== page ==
First, there is not one Good Samaritan Law, there are at least fifty, in reality, there are more than 150. Each state has its own Good Samaritan law. Many states have many different laws covering rescue, first aid, AED use, the Heimlich maneuver and other aspects of providing support to injured people without becoming liable.

Everyone explains the Good Samaritan law as you are not liable if you help someone in need and are not paid for that help. Sort of.

All the following are requirements from different state Good Samaritan laws. You are covered…

  • If you have the right training
    • Some states list the training you must have
    • You follow the standards of a specific training organization (dependent upon the state).
      • American Red Cross
      • American Heart Association
      • National Safety Council
      • National Ski Patrol
      • Boy Scouts of America
      • A course as determined by the Secretary of Health and Mental Hygiene
      • Department of Public Health
      • director of health
      • mining enforcement and safety administration of the bureau of mines of the department of interior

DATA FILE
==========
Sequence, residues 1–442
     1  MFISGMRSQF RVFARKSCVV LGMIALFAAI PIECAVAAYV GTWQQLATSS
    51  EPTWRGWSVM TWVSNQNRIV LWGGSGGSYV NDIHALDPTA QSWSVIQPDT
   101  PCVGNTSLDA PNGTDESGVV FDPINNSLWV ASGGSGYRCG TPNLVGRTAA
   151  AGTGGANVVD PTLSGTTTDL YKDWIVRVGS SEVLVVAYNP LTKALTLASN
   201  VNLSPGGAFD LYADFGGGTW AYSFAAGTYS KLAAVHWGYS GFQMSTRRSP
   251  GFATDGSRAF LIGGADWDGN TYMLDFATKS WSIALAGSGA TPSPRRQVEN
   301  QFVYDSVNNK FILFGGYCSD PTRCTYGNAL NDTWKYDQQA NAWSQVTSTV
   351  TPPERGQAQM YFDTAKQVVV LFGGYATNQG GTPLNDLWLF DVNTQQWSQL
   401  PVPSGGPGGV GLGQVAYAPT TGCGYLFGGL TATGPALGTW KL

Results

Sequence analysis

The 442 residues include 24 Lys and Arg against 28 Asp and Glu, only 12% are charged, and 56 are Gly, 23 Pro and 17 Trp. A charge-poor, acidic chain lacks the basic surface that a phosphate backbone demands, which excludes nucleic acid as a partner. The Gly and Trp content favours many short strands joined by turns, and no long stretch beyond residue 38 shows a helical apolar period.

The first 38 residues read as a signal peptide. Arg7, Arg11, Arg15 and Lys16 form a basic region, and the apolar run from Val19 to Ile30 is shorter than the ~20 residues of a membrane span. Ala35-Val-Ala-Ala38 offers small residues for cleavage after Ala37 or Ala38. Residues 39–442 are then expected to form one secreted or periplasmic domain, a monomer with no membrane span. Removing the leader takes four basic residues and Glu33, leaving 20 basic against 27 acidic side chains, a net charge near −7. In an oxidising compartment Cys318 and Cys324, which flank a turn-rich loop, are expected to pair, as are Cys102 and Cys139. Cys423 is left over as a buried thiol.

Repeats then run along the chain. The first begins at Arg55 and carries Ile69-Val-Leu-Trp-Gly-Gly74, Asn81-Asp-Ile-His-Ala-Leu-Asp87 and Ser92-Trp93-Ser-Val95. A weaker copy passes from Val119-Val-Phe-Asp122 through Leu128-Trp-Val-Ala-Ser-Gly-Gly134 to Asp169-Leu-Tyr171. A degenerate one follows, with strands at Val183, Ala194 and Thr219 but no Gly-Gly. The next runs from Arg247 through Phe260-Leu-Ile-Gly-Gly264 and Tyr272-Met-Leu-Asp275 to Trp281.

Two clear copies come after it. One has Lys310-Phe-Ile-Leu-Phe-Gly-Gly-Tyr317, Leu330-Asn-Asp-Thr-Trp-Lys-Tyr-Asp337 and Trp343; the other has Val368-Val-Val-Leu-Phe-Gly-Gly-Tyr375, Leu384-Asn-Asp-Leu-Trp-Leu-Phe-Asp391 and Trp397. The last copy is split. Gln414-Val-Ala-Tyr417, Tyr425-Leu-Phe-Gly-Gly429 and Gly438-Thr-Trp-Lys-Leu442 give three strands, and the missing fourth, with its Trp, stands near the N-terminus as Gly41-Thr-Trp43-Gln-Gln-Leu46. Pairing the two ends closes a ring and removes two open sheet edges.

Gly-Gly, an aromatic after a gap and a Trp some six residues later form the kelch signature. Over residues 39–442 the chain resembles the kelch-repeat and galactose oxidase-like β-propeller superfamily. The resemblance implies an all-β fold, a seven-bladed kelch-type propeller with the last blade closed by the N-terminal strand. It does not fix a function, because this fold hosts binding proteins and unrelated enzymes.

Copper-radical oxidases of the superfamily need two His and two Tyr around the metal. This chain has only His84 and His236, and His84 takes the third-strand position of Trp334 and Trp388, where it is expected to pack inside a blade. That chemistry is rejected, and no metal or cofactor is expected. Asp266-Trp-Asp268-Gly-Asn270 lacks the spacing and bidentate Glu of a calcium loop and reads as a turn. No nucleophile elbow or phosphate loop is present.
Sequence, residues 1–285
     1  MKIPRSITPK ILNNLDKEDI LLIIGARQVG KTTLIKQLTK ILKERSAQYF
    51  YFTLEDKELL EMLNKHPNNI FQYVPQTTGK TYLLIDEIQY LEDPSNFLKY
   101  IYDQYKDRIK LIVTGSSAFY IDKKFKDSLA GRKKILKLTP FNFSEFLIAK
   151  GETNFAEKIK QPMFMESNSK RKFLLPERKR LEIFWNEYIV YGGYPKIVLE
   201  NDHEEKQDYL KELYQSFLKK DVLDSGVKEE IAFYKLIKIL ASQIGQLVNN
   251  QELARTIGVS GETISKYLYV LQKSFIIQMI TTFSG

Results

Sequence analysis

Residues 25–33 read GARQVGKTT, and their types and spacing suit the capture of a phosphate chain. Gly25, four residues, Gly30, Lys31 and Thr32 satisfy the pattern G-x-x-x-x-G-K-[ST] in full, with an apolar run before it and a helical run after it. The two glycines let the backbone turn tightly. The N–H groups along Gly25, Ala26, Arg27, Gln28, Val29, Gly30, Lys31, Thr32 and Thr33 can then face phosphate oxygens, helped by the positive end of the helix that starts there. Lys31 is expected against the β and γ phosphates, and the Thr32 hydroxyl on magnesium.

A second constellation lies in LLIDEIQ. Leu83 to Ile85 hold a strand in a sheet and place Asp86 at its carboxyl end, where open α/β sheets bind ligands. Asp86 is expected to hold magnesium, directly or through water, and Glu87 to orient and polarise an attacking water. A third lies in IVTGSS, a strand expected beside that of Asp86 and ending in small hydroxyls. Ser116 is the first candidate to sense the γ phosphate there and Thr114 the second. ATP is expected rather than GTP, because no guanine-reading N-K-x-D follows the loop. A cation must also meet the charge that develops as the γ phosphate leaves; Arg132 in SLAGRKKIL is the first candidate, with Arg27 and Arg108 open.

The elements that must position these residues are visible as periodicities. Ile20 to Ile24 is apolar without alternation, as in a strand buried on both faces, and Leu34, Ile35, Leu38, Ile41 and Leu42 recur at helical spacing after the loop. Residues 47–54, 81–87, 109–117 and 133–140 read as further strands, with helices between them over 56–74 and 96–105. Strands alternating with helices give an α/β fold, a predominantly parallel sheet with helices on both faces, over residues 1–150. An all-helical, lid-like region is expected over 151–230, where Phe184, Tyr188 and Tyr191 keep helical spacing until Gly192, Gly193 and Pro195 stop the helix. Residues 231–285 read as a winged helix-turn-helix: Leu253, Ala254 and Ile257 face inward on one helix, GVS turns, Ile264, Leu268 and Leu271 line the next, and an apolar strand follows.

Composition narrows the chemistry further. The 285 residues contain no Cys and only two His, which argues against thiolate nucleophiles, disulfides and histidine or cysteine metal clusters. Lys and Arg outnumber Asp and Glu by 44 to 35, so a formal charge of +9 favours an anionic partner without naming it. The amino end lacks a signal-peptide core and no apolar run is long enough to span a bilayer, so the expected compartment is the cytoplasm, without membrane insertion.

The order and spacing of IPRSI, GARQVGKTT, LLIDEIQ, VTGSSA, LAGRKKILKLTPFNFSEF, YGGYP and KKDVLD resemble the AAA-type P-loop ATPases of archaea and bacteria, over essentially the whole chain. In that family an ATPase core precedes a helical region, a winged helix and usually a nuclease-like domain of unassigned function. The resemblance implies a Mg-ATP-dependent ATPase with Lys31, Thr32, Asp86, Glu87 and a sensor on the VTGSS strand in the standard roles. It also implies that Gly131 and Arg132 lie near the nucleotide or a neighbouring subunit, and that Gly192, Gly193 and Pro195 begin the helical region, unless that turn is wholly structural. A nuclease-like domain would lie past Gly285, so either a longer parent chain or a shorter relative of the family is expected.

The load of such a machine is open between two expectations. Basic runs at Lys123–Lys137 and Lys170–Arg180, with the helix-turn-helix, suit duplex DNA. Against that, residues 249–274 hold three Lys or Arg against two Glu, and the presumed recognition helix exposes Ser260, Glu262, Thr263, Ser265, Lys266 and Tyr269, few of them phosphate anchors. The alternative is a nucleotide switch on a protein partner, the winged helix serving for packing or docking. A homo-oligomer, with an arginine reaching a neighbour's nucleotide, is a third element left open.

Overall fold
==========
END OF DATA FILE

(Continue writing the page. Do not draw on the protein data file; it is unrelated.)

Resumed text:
• Kentucky Cabinet for Health and Family Services
  • If you don’t act outside the scope of your training
  • You act like a reasonable or ordinary prudent person
  • If you are not being paid for your services
  • You are not in a hospital or in some states on hospital grounds
  • You are a member of an organization that exists to provide emergency services
  • You act in good faith
  • You have been called to act by the county sheriff
  • You are paid but not to provide first aid, only to provide public services
  • You did not act willfully, wantonly or recklessly or by gross negligence
  • The care is provided at the scene of the accident
  • You are at work
  • You are not at work
  • You’ve been trained in the use of the AED
  • You’ve been trained in the use of the epinephrine
  • You are not the one that caused the injury or placed the person in peril
  • Or you have not obtained consent